The Deki reader is a handheld device that enables the performing of rapid diagnostic testing for the Ebola virus, HIV and malaria. Developed by the Toronto-based Fio Corporation with the help of a handsome grant from the Bill and Melinda Gates Foundation, the gadget can be used with minimal training and provides quick-turnaround tests as well as reliable data collection and transmission.
The handheld contraption works in conjunction with conventional rapid diagnostics test assays -- a tiny blood sample is placed on the test strip and inserted into the Deki reader for analysis. Within a matter of minutes, test results flash on the screen while medical data is uploaded to a cloud database, where it is accessible to public health authorities and researchers. The process of uploading, organizing and conveying medical data is managed through the Fio Corporation's "Fionet" mobile software, which connects mobile diagnostic devices with web-based tools.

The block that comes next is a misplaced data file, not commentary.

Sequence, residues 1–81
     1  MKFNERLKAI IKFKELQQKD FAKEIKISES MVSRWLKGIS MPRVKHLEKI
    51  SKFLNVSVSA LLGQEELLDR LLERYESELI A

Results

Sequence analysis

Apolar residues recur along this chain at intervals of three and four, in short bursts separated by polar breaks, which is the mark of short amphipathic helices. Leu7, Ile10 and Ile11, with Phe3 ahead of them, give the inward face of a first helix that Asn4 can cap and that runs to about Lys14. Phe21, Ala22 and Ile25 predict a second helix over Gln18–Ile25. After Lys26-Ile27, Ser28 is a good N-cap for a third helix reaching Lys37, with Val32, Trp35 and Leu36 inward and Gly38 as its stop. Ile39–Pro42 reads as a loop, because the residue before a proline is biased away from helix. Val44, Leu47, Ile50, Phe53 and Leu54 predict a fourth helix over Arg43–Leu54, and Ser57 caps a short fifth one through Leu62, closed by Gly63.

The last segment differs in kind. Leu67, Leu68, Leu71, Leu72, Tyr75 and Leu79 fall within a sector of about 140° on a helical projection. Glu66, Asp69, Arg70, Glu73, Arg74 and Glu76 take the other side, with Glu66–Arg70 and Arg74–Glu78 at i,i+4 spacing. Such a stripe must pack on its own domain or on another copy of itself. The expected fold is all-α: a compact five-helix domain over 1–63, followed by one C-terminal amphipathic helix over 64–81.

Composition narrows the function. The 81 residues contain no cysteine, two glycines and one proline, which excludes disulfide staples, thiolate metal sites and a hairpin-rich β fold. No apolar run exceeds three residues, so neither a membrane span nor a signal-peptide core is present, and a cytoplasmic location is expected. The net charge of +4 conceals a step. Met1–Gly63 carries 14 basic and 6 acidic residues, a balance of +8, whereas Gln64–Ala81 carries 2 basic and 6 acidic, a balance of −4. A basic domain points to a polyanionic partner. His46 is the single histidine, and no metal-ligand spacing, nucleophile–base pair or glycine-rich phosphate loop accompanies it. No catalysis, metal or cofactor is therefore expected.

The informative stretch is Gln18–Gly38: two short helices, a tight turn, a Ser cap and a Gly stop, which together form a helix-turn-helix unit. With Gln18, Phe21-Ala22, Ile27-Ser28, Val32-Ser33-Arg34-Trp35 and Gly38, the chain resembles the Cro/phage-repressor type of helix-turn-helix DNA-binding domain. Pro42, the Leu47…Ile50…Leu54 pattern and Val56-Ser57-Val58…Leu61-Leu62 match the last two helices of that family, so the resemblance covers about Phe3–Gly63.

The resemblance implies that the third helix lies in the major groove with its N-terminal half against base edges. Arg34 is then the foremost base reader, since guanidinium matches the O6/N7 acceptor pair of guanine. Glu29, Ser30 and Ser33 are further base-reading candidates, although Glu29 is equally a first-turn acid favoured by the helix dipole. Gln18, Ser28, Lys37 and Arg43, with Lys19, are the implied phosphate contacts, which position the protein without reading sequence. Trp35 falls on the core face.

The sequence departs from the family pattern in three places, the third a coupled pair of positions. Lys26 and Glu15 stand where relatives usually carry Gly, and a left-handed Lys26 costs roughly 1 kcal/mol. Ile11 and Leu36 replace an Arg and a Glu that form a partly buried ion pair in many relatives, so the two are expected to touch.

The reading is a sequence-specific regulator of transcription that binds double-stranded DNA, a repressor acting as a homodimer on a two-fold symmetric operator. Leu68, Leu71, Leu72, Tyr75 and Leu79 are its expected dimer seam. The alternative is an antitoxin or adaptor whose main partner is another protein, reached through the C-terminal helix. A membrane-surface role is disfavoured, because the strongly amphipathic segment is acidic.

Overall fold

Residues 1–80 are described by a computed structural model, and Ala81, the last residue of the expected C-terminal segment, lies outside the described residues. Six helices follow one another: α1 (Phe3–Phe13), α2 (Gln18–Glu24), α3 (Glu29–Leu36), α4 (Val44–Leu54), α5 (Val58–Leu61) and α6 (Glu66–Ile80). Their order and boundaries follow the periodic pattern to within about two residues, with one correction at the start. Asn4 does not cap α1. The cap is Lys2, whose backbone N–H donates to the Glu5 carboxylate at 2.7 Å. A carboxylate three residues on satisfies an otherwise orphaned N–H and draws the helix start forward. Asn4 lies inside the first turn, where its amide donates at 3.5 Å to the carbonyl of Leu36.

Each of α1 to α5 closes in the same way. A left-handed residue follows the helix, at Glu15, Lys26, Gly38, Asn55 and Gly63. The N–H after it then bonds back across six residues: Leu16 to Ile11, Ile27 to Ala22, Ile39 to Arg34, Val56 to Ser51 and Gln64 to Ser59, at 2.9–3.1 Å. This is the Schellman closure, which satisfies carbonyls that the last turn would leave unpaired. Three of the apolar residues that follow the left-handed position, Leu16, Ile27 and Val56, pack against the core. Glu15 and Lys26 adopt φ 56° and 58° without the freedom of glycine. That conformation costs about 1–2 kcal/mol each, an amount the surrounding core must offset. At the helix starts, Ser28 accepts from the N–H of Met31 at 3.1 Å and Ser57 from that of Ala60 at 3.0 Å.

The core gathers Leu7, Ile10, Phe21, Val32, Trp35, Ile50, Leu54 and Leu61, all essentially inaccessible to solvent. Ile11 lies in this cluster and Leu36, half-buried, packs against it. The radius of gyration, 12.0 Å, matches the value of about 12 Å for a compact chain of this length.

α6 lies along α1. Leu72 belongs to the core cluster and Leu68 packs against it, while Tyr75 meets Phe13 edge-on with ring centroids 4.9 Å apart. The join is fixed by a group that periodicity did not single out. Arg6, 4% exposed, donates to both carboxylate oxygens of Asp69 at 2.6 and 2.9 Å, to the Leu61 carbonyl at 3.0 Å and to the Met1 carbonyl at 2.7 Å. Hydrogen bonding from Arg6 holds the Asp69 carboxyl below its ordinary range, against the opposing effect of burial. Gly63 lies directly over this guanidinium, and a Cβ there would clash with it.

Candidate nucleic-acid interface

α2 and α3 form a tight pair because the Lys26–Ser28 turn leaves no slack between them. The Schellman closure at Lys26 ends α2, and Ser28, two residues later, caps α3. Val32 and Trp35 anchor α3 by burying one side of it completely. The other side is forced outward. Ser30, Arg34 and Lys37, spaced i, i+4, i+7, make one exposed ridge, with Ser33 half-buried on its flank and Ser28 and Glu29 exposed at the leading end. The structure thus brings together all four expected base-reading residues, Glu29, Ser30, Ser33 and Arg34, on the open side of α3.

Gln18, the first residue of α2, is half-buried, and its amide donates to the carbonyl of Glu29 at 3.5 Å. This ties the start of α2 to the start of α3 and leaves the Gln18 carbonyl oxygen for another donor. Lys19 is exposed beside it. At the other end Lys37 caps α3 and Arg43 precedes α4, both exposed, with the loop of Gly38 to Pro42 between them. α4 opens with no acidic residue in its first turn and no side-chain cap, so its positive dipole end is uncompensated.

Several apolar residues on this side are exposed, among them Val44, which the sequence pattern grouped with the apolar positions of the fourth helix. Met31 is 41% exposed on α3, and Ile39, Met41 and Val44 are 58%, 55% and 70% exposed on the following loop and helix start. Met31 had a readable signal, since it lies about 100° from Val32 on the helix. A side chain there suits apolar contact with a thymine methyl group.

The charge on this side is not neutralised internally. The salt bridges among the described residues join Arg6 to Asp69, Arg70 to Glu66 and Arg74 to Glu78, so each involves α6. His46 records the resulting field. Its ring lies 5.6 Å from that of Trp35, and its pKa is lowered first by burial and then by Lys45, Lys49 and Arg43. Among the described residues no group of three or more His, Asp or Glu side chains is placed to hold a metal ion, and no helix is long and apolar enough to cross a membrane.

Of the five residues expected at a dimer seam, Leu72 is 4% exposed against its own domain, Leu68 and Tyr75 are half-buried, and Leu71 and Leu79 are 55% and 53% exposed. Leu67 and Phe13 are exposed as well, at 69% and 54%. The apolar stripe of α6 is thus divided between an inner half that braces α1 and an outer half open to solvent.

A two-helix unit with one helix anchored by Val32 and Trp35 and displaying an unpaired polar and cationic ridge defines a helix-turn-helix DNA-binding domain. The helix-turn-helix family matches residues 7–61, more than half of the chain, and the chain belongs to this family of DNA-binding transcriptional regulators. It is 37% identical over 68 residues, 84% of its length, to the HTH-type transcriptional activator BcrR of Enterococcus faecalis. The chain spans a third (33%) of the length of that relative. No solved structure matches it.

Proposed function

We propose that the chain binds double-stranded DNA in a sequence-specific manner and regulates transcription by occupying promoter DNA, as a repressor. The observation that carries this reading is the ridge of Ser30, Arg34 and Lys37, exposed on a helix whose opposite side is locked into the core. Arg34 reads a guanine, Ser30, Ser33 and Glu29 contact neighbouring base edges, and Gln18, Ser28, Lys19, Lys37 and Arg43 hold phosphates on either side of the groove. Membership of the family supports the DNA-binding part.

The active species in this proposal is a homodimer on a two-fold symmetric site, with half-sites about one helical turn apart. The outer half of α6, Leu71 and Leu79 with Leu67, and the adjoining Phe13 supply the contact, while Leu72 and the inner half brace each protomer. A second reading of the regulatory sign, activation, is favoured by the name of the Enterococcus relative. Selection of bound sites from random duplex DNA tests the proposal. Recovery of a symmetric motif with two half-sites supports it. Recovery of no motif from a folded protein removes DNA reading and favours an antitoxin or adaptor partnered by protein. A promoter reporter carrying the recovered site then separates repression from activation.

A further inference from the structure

With its ability to speed up diagnostics testing without compromising on test accuracy -- whilst also improving the quality of medical data -- the Deki reader is revolutionizing the way public health authorities in underdeveloped countries respond to major epidemics, which require quick and decisive action.